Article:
Creating Paragraphs

A paragraph is a self-contained portion of your argument. Paragraphs will begin by making a single claim that connects back to your thesis. The body of the paragraph will present the evidence, reasoning and conclusions that prove that claim. Usually, paragraphs will end by connecting their claim to the larger argument or by setting up the claim that the next paragraph will contain.

How Many Paragraphs Do You Need?

There is no set number for how many paragraphs a paper should have. You will need one for an introduction and one for a conclusion, but after that the number can vary. However, you will need one paragraph for every claim that makes up your argument.

Paragraphs should be used to develop one idea at a time rather than contain many different ideas and claims. If you have a lot of ideas and claims to address, you may be tempted to combine related claims into the same paragraph. Combining different points in the same paragraph cuts down on how much space you have to argue each point. This will divide your reader’s attention and make your argument less thorough.

By dedicating each paragraph to only one part of your argument, you will give the reader time to fully evaluate and understand each claim before going on to the next one. Think of paragraphs as a way of guiding your reader’s attention – by giving them a single topic, you force them to focus on it. When you direct their focus, they will have a much easier time following your argument.

Some writing manuals will direct you to have one paragraph for every point made in your thesis. The general idea behind this rule is a good one – you need to address every point, and you will need at least a paragraph for each. However, do not feel like you can only devote one paragraph to each point. If your argument is complex, you may need to have subsections for each of your main points. Each one of those supporting points should be its own paragraph.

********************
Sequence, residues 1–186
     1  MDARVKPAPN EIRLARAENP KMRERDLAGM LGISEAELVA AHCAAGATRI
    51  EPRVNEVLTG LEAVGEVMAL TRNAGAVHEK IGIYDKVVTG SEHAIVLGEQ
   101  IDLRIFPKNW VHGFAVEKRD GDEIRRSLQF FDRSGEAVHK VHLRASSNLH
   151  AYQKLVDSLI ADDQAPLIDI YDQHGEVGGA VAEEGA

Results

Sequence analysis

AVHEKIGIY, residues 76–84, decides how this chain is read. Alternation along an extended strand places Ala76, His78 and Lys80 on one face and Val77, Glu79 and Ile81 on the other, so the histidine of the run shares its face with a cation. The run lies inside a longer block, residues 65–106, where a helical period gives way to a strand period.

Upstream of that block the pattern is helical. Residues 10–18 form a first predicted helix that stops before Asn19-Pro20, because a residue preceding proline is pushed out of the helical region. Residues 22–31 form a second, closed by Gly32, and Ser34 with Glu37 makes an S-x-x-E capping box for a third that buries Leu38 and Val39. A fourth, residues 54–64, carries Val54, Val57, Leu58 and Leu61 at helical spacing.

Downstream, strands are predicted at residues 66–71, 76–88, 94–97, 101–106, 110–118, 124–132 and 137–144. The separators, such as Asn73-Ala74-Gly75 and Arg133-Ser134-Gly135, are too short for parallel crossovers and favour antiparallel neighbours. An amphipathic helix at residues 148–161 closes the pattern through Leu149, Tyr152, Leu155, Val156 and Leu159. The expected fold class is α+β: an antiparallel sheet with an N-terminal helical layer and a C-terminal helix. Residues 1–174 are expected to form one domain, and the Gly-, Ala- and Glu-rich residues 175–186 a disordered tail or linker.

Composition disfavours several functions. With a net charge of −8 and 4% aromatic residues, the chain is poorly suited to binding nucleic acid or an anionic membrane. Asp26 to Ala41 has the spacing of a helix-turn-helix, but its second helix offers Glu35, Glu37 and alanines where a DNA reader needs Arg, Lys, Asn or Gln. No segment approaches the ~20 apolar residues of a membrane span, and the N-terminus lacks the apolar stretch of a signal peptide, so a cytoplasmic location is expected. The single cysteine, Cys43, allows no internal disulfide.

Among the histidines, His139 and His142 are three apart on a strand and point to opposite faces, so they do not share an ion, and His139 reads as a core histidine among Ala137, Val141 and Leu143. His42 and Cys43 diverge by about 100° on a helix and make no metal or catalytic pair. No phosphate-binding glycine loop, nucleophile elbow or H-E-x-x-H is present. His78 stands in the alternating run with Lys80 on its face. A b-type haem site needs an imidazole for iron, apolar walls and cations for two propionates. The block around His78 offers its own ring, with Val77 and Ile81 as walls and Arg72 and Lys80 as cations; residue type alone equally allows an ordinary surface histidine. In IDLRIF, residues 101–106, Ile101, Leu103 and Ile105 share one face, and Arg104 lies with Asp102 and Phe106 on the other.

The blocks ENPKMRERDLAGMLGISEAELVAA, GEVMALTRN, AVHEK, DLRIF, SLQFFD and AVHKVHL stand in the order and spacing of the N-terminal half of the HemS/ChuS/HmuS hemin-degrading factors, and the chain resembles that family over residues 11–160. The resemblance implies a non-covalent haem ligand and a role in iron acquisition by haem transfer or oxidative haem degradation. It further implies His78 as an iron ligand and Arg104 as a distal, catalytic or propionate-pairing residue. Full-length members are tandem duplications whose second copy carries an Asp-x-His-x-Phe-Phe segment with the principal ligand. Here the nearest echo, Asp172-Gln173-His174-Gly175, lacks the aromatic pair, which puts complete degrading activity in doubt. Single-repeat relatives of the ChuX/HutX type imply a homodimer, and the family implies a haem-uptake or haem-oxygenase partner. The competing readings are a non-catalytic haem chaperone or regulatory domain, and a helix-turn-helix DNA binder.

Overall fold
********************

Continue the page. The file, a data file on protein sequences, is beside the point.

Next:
Using Topic Sentences

Every paragraph of argument should begin with a topic sentence that tells the reader what the paragraph will prove. By providing the reader with expectations at the start of the paragraph, you help them understand where you are going and how the paragraph fits in with the overall structure of your argument. Topic sentences should always connect back to your thesis statement – if you cannot find a way to describe a paragraph in relation to your thesis, you probably do not need it for your argument.

Creating Good Paragraphs

Each body paragraph is something like a miniature essay in that they each need an introductory sentence that makes an important and interesting argument, and that they each need a good closing sentence in order to produce a smooth transition between one point and the next. Transitions from one argument to the next, as well as within paragraphs, are important to add coherence to your paper.